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Building from Source on Windows

Steps in this color are only relevant if you plan to actively work on the viewer source


Install the prerequisite libraries:
CMake (Win32 Installer) (Select to Add To Path)
Python 2.7 (Enable the feature "Add python.exe to Path")
Mercurial (for installing autobuild)
Visual Studio 2019 (Community) (not preview) Select the Desktop Development with C++ workload
NSIS 3StdUtils (zip) (Only if you plan to package for distribution)
Extract StdUtils and move the Include directory into your NSIS install and
move Plugins\Unicode\StdUtils.dll to plugins\x86-unicode\ in your NSIS install
You can lower subsequent build times by using Stashed, it caches the work your compiler does.

Open a command prompt (start->run, cmd), run
pip install "hg+"
git clone git:// singularity

Generating the project

Open a command prompt (start->run, cmd) and run the following:
Use -DPACKAGE:BOOL=OFF for speed without packaging, to build 32-bit use -A32
cd %USERPROFILE%\singularity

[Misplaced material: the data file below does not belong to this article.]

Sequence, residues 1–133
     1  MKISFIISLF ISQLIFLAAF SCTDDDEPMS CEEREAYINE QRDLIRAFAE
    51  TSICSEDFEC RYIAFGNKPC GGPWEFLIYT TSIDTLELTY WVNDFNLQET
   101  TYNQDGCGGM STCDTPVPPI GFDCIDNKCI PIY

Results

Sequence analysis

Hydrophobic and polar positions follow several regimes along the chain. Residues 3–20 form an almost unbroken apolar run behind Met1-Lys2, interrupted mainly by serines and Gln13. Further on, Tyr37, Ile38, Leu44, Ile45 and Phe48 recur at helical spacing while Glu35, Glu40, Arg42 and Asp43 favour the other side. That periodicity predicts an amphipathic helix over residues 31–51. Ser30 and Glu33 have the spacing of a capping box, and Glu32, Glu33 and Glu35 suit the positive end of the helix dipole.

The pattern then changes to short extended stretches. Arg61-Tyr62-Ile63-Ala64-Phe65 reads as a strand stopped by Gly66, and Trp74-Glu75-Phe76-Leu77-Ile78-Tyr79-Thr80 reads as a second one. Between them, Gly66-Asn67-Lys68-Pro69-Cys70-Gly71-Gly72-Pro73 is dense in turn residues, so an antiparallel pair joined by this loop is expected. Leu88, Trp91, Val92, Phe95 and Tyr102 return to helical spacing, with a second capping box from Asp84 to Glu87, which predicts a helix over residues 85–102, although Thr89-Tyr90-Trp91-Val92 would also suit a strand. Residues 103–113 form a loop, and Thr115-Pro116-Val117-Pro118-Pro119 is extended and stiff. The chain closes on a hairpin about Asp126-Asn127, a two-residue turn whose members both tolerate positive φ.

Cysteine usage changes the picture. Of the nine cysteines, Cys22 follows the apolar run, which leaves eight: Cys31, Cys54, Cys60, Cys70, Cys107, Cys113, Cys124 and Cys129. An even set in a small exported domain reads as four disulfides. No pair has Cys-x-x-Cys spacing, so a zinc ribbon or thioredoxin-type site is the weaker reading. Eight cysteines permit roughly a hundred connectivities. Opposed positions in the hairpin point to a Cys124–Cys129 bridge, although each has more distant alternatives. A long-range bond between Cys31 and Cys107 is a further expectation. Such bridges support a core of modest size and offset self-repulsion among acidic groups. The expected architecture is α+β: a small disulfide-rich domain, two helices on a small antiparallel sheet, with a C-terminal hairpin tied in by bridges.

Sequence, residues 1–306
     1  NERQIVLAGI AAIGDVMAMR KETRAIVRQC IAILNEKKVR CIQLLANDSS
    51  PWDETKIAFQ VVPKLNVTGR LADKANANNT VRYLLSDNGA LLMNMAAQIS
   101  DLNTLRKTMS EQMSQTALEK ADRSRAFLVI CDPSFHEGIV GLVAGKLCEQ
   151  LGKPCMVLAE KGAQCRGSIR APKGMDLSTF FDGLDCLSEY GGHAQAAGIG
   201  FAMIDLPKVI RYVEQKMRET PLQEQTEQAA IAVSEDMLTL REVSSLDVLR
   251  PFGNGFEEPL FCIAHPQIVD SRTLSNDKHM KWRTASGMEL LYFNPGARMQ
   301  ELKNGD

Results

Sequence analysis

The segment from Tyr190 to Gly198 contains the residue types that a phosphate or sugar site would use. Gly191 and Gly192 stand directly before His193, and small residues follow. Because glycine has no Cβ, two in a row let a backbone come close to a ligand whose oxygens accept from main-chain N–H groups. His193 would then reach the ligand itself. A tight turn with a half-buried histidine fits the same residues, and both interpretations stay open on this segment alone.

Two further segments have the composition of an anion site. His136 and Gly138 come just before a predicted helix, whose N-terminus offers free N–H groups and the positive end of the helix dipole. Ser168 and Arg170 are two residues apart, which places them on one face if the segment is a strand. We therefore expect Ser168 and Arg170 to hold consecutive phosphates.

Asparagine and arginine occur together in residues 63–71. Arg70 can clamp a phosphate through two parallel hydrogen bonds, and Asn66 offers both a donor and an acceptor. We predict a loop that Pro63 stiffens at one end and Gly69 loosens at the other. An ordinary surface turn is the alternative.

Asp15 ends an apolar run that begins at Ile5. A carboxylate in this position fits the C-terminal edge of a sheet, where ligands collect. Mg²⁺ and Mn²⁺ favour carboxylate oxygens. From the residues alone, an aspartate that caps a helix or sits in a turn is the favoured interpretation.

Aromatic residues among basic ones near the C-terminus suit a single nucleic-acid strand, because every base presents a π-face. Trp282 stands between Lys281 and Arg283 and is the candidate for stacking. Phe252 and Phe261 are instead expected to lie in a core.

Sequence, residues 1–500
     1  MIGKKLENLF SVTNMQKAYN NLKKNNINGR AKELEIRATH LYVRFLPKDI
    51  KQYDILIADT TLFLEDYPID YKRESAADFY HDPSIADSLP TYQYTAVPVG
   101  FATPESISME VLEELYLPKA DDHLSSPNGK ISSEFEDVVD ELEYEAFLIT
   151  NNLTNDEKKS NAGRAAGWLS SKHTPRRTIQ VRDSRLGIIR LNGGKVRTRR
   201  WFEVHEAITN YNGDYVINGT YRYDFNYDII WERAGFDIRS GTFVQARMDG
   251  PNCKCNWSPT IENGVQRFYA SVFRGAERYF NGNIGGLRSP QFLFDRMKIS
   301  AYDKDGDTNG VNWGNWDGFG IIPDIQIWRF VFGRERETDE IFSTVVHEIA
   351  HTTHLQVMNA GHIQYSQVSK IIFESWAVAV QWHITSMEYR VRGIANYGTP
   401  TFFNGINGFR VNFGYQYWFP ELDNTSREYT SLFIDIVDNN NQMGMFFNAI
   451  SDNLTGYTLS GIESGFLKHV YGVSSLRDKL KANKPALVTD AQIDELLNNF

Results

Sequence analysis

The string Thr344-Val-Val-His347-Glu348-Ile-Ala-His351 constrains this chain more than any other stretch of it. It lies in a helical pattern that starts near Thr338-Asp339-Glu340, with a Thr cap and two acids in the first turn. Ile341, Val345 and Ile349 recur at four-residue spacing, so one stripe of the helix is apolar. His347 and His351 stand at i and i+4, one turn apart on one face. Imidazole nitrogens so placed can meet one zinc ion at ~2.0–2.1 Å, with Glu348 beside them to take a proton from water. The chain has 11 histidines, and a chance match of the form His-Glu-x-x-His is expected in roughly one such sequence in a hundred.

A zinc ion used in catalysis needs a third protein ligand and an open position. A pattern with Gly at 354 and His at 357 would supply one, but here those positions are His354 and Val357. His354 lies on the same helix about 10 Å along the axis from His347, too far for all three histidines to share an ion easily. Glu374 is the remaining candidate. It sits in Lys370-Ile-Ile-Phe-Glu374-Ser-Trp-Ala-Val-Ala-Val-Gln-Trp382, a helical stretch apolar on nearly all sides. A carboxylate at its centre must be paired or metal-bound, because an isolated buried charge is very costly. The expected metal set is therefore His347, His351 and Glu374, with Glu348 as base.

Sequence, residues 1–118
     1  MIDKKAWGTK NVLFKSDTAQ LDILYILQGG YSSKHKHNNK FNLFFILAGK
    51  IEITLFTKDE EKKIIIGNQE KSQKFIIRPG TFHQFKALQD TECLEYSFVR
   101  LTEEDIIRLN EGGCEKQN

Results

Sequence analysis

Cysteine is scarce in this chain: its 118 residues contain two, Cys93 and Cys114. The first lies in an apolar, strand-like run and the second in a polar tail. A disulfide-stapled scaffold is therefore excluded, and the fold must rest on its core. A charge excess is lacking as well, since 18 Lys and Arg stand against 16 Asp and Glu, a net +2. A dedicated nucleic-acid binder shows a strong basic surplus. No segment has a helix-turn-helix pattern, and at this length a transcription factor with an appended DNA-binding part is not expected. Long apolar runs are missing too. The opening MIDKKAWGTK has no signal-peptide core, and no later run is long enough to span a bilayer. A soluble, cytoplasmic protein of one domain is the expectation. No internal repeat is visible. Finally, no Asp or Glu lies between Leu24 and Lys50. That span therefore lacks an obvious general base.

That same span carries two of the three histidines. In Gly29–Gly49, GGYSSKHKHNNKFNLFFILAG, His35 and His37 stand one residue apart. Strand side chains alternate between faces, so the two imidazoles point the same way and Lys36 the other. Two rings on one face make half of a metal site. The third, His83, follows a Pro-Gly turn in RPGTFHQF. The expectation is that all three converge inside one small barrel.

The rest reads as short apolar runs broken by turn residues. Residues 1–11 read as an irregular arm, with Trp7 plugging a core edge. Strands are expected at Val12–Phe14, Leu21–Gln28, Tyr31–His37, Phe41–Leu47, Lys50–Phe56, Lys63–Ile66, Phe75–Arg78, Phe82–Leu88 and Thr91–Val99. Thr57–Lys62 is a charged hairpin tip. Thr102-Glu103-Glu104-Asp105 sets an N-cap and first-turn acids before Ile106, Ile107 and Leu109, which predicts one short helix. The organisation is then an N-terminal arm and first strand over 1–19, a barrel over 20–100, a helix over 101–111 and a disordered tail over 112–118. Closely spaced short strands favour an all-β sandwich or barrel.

autobuild configure -cRelease -A64 -- -DPACKAGE:BOOL=ON

Open the project in VS2019 by running the following (Use build-vc160-32 for 32-bit)

In the second bar from the top where it says Debug, select Release instead.
Build->Build Solution to begin the compile process.

Once it finishes building, the installer and application exes may be found by navigating to the following location from a file explorer (My Computer):


(Be sure to also keep your libraries up to date, return to the NSIS and StdUtils links every so often to check for updates.)
The following is done in a command prompt (start->run, cmd) and assumes you've run
cd %USERPROFILE%\singularity
You can check if we have updated the code by running
git fetch
this will give output if there are changes, if so update your local files by running
git pull
Finally, compile again to update your build.